Willie Ruff, the e-interview
He's played in the Lionel Hampton band - and he's still going!! Luckily we got to catch up with him
after releasing his current CD, Breaking the Silence.
[Ben] How long have you been performing? Doesn't your lip ever get
tired? What about the body? What drives you on?
[Willie] The Duo has been performing continuously since 1955. When my lip gets
tired I stop and pick up the bass, even on stage. The body reacts well to good care, rest, rewarding
work, peace and sensible nutrition. Music and teaching drives me and I hope to do what I am doing
now for the next 40 years!
[Ben] Are you aggressively touring and performing the new album,
Breaking the Silence?
[Willie] We are aggressively touring college campuses, schools, etc. and performing
the new album. The music on the cd was recorded at various times at Yale and in California, all
live except the Hollywood Strayhorn music that was actually recorded in my apartment.
[Ben] When/where was Breaking the Silence recorded? How has the
response to your latest disc been?
[Willie] The response to the cd has been very positive, the most we've ever had.
[Ben] How does it Feel being a Name; someone people look up to;
filling up concert halls? I'll bet even your dog is impressed.
[Willie] We may be Names, but not big enough to be bothered by it. And no, my
dog is not impressed, he couldn't care less. Give him Alpo and he's as happy as any jazz hound.
[Ben] You've worked with some of the best people around. Ellington,
Lionel Hampton. How about a couple backstage stories on some of these guys?
[Willie] A story about Ellington. I once asked him about his habit of eating his
dessert first whenever he dined; his reply was, "Baby, life is So uncertain."
[Ben] You and your partner Dwike Mitchell left Lionel Hampton's
band early in your careers. Why was that?
[Willie] Yes the Duo did leave our positions with Hamp early in our career. But
the reason for being there was that it was the perfect support system for learning our craft and how
to live the jazz life. When that was accomplished, it was time to be the Duo we had planned to be
since our days of playing together in the Air Corps in the days of intense racial segregation of the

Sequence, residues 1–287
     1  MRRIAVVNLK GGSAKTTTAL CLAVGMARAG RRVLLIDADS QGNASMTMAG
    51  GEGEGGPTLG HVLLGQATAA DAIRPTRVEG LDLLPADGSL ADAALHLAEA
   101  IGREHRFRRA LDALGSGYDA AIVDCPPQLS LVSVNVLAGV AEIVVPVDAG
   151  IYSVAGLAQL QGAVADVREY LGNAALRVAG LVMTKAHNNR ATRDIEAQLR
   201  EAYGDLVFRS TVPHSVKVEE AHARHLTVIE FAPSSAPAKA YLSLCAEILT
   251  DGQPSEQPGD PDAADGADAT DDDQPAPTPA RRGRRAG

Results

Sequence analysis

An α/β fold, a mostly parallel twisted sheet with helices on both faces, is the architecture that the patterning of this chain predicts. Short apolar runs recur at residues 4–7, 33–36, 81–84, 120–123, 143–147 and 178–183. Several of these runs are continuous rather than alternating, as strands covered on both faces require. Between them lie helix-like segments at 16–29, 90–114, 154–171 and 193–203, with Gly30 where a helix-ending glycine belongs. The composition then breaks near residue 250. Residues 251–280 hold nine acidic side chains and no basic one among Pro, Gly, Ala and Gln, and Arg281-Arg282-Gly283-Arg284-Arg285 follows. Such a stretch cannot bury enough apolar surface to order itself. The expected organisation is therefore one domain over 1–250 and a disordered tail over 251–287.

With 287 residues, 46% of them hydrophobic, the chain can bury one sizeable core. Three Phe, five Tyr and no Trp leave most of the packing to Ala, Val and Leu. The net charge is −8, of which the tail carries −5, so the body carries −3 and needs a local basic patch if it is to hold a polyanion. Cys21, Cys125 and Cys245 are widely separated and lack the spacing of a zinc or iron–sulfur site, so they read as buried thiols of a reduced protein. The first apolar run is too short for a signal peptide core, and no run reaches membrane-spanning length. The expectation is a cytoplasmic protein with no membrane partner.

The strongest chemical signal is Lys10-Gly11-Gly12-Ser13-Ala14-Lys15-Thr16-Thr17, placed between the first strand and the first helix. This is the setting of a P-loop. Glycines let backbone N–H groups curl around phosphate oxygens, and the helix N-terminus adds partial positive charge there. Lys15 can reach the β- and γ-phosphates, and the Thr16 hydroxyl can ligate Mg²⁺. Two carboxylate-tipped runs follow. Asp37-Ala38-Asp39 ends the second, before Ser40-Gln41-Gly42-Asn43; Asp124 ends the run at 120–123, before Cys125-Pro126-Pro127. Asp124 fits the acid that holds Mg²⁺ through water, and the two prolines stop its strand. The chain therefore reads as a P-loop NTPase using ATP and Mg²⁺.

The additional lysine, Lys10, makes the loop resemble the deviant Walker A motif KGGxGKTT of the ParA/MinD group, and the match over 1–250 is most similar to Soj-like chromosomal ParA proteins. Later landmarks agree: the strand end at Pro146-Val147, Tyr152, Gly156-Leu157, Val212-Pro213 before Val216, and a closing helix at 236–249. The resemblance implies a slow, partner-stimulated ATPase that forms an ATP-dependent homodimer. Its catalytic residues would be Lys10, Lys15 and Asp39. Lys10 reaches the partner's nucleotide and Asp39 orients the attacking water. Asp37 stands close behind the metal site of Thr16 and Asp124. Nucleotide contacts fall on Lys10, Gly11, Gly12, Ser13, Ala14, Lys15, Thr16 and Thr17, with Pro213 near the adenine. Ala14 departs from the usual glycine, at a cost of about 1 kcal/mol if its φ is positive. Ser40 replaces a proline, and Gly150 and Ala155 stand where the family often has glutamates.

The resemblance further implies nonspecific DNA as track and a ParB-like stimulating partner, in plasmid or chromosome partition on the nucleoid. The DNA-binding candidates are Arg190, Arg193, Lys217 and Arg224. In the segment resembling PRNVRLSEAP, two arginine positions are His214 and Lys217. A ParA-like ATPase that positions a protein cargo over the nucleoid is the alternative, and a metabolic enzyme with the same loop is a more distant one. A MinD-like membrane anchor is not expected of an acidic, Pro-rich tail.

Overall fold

[Ben] Tell us a little about Dwike. He must be some great pianist,
since you guys have been together for so long. What's the secret of your hit collaboration?
[Willie] Mitchell is the most naturally gifted pianist I know, a musician born to
do what he has always been able to do, even in early childhood, he HAD it and still does. The secret of our long association: our beginnings in a military band in
which Elvin Jones was the percussionist in his pre-Coltrane incarnation.
[Ben] You're giving away mp3 samples on your site, which is
courageous in a way. Some record companies and artists are dead against the format. What made you
decide to make use of this technology? Has there been any evidence that it's helped sales?
[Willie] MP3. What a great concept! I feel no threat from it for one good
reason: I never got paid a recording royalty from any record company I ever recorded for, so why
not give the music to young people--old folk aren't into downloading--who may get something from it?
I don't know yet if sales of our cd is helped by MP3.
[Ben] Besides music, what does Willie Ruff live for? Hobbies?
[Willie] What I live for is music, teaching, sailing, writing, and a fleet of
classic cars: 48 Packard, 58 Olds Super 88, 1964 Porsche 356sc roadster-- a Bitch!--a couple old
Benzes and two old American trucks.
[Ben] If you could give up and coming jazz players a bit of advice
for these competitive times of ours, what would you say?
[Willie] Advice to the jazz young: Never stop learning, stretching and teaching!
[Ben] Where can we see you play soon?
[Willie] The Duo celebrates the new Zinsser book and "Breaking the Silence" with
a concert at the Yale Club in New York -- 8 pm Jan 19, 2001.